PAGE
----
Is the Swine Flu Scare Over?

Yes, it is.

2009 H1N1 “Swine Flu” was the cause of a worldwide pandemic from April 2009 to April 2010.

The outbreak is now largely behind us, although the virus does continue to circulate at low levels with seasonal influenza viruses in 2010-2011.  The scare is also over in the sense that we now know that this was may go down as the mildest flu pandemic on record. But that doesn’t mean it was a false alarm, as some have claimed. The CDC has estimated that at least 60 million Americans were infected by 2009 H1N1 influenza, and that over 12,000 died, including 1,200 children. Consider also that those 12,000 people might well be alive today if not for this virus. In that sense, this was still a serious outbreak.

2009 H1N1 may continue to circulate for years to come, but it does not appear that we will experience a “third wave” of the pandemic. In fact, the World Health Organization declared that the pandemic was officially over as of summer 2010. It appears that the virus has taken its place among several other seasonal flu viruses that circulate every year in varying proportions. As of January 2011, 2009 H1N1 accounted for only about 10% of circulating flu viruses.

(Last Updated January 2011)

It is not quite easy to receive funds through other external resources, as a rule to deal with soundness care needs. What points families think when they are going to order any drugs? Nowadays ten percent of men aged 40 to 70 were unable to maintain an erection during sex. It affects men of all races. Matters such as viagra ingredients are very pop for last year. Who should not use Viagra? What do you should know about viagra composition? Also, think about sildenafil ingredients. The signs of sexual disorders in men switch on incredibility to reach an orgasm despite adequate sexual stimulation. Get medic help if you have any of these signs of a side effect to this treatment. If the drug you are taking is not approved, your sex therapeutist can prescribe another medication.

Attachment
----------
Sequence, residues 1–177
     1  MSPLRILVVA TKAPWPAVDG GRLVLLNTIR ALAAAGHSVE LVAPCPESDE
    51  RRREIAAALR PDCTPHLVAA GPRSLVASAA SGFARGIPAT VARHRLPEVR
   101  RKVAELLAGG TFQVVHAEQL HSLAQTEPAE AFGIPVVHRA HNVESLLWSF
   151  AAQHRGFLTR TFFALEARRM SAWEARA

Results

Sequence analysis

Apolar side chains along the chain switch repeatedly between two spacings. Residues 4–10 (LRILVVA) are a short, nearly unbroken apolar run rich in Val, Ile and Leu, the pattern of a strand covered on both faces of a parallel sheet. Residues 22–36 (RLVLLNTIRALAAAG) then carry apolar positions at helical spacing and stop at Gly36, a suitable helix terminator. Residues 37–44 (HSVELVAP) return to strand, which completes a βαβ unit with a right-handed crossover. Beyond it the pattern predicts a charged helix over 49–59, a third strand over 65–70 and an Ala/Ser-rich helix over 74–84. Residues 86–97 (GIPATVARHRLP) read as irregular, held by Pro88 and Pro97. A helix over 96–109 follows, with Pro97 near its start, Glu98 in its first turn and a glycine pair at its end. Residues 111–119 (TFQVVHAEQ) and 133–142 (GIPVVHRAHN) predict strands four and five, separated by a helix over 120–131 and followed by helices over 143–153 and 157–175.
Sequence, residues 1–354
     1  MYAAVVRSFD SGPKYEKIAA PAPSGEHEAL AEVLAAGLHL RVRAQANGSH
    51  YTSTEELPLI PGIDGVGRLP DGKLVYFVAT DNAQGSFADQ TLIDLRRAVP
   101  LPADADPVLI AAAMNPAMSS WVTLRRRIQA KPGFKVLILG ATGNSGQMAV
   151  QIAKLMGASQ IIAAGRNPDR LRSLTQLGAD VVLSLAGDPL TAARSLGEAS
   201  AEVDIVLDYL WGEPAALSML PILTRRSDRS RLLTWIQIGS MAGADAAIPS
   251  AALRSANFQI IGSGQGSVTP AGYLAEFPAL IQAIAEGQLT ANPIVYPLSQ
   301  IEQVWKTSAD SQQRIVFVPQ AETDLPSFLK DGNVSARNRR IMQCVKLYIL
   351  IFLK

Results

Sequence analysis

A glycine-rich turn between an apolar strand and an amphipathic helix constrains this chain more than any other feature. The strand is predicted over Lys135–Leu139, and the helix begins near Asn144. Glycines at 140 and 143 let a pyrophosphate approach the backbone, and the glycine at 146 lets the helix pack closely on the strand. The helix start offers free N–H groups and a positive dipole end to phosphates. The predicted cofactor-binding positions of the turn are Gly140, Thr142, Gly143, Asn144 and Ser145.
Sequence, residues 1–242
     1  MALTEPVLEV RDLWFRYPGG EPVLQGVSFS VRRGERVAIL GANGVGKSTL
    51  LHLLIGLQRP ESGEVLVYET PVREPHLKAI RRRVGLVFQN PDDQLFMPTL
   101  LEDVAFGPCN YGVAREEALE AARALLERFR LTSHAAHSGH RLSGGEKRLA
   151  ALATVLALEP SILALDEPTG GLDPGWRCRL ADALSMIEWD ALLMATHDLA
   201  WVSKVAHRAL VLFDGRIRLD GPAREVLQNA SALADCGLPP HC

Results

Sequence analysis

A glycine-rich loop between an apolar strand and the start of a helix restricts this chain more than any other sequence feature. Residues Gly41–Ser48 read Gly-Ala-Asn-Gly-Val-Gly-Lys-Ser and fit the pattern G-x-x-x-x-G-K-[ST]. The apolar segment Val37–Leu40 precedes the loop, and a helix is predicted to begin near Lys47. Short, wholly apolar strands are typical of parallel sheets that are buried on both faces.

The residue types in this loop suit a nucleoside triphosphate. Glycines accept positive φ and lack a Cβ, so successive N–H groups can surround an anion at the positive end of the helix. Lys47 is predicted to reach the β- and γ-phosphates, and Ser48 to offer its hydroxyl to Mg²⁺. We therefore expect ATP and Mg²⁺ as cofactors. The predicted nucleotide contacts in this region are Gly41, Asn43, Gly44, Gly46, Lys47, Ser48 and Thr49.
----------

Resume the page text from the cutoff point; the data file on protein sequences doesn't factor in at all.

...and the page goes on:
Leave a Reply

cdc situation overview

Each week CDC analyzes information about influenza disease activity in the United States and publishes findings of key flu indicators in graphical form in a report called FluView. See the latest update by clicking here.

For an in-depth discussion about the national flu situation this week, click here.